MY FIRST TEDX TALK – WHAT HAS RELEVANCE IF YOU CAN’T REMEMBER IT? Ben Utecht, Speaking at The 2020 BSATSMC
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Nationals are sleeping like astronauts while chasing World Series title
An article about Sleep management by Meeta Singh MD. A speaker on Sunday at the 2020 BSATSMC.
How about very specific bed times and sleep schedules? The Nationals started the system in spring training and have focused on it more since the postseason started with help from Dr. Meeta Singh, the Detroit Free Press reported.
“It’s similar to how we make sleep schedules for astronauts,” she said. “It’s very precise.”
Nationals follow sleep schedules
Dr. Meeta Singh is a sleep expert based in Michigan who began by working with the Detroit Lions, Red Wings, Tigers and Pistons. She’s spoken at MLB, NFL and NHL meetings and worked with the Belgium national soccer team earlier this year. She even worked with the New Orleans Saints and received a game ball after their 2017 win in London. Singh began working with the Nationals in spring training, per the Free Press, and gave broad as well as individual advice.
“They want to control as much as they can, everything. This team is really disciplined. This is a team that would call me, and say, ‘Tell me exactly what you want to do for the next games.’”
She began sending sleep schedules every two weeks, mapping it out in a grid after looking at upcoming game times and travel. It included bed times, what to do before bed, when to nap and when to travel. During the postseason, she upped it to every three or four days.
It’s similar to how NASA handles sleep schedules for astronauts, who may experience 16 sunrises in a 24-hour day. They follow a strict schedule ahead of launch and follow it in space. NASA also developed ways to limit light, which causes disruptions in sleep, as Singh recommended players do with orange-colored sunglasses.
Team, player specific advice
After an afternoon game 2 of the NLCS, she advised the team to stay overnight, get rest, and then fly back home.
“It’s little things like that and the Nationals are really good at it,” Nationals second baseman Brian Dozier told the Free Press. “It goes to show you that they really care about performance and whatever helps you.”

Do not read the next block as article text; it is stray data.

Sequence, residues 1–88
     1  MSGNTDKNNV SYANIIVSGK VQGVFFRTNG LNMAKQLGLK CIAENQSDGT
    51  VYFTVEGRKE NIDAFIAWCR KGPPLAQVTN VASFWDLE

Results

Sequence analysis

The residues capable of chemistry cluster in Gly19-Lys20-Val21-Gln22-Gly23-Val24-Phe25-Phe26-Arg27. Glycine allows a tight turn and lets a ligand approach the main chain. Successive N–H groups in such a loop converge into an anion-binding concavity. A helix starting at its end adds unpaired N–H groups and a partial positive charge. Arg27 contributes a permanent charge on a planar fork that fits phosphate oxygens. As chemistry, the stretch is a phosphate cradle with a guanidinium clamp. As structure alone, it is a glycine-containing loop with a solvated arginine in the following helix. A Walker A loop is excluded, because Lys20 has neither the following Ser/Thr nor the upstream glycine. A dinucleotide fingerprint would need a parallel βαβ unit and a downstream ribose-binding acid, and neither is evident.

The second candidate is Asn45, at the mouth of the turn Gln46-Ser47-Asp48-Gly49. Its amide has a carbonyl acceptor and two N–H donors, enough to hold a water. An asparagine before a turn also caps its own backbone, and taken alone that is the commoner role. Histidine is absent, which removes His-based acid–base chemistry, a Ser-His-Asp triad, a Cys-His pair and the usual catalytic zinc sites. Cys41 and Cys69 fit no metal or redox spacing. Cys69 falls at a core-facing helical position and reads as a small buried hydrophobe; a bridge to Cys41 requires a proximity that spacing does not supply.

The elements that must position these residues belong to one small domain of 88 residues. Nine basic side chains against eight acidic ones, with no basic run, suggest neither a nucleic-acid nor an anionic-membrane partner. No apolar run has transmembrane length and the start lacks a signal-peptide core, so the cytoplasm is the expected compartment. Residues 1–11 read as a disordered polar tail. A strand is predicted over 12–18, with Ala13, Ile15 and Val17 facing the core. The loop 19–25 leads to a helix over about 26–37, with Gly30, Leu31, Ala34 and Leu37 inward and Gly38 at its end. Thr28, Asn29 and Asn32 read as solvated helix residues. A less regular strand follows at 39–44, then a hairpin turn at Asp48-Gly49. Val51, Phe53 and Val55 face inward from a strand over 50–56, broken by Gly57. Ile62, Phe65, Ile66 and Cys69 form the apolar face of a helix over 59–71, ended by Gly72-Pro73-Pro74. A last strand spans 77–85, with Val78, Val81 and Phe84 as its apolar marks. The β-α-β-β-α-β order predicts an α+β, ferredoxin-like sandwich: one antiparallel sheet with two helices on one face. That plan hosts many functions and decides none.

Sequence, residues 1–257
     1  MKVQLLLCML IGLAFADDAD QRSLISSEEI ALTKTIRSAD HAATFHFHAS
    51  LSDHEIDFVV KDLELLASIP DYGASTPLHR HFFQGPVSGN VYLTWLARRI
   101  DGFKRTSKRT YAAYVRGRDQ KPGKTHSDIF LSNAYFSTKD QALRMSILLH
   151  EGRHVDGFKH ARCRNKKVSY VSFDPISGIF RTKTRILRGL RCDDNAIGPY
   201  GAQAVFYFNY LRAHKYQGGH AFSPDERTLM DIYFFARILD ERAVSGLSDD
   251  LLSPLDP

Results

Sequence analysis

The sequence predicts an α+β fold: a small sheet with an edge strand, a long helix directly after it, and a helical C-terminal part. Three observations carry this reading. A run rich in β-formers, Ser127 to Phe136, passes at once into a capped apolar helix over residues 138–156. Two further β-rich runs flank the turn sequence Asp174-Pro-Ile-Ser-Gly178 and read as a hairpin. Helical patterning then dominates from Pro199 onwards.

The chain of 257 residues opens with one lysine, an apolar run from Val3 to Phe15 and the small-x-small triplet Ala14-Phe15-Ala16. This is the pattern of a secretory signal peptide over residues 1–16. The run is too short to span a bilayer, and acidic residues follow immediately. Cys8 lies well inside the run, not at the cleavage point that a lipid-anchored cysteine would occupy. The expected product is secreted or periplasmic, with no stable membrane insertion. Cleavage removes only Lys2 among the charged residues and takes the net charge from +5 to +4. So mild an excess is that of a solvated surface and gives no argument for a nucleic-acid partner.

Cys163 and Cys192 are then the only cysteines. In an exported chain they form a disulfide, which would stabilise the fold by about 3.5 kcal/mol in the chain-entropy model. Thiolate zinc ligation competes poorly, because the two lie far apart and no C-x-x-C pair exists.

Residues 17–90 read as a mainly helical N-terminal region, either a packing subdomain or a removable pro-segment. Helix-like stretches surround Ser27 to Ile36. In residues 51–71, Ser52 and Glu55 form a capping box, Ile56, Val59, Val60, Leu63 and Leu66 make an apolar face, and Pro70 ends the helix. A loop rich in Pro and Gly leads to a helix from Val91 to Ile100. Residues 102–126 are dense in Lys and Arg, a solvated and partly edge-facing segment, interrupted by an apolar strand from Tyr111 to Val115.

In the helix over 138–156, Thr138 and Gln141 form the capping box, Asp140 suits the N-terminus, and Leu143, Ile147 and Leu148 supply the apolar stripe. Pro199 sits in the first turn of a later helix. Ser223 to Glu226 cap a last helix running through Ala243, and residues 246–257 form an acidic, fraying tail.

He said the team tried to follow her advice throughout the season, but with heightened stakes in the postseason they’ve followed it “really extensively.”
Singh told the Free Press she takes into account late-night partying after victories.
“But what I’ve always told them: ‘On those days, when life happens, and you know you might not get enough sleep, the secret is to get enough sleep beforehand and then playing catch up once things settle down.’”
That’s exactly what the Nationals did in between the NLCS sweep and the World Series start in Houston. Sean Doolittle told NBC Sports Washington he woke up at 11 a.m. the day after clinching, walked the dogs, picked up bagels and then went back to sleep until 5:30 p.m.
Why sleep matters
Young adults ages 18 to 25 and adults ages 26 to 64 are recommended to get seven to nine hours of sleep a night, per the National Sleep Foundation. The foundation also recommends having a strict sleep schedule. But most don’t get close to that and struggle with going to bed on time.
Professional athletes are no different. Their work schedule varies, they travel a lot through different time zones and baseball players have a grueling schedule. It could be characterized as “shift work,” which causes circadian disruption and was classified as a probable human carcinogen by the World Health Organization’s International Agency for Research on Cancer.
Getting enough sleep optimizes reaction time, accuracy, decision-making, ability to prevent injuries and recovery from injuries.
Singh’s presentations at the MIT Sloan Sports Analytics Conference goes more in-depth on the importance of sleep and its impact.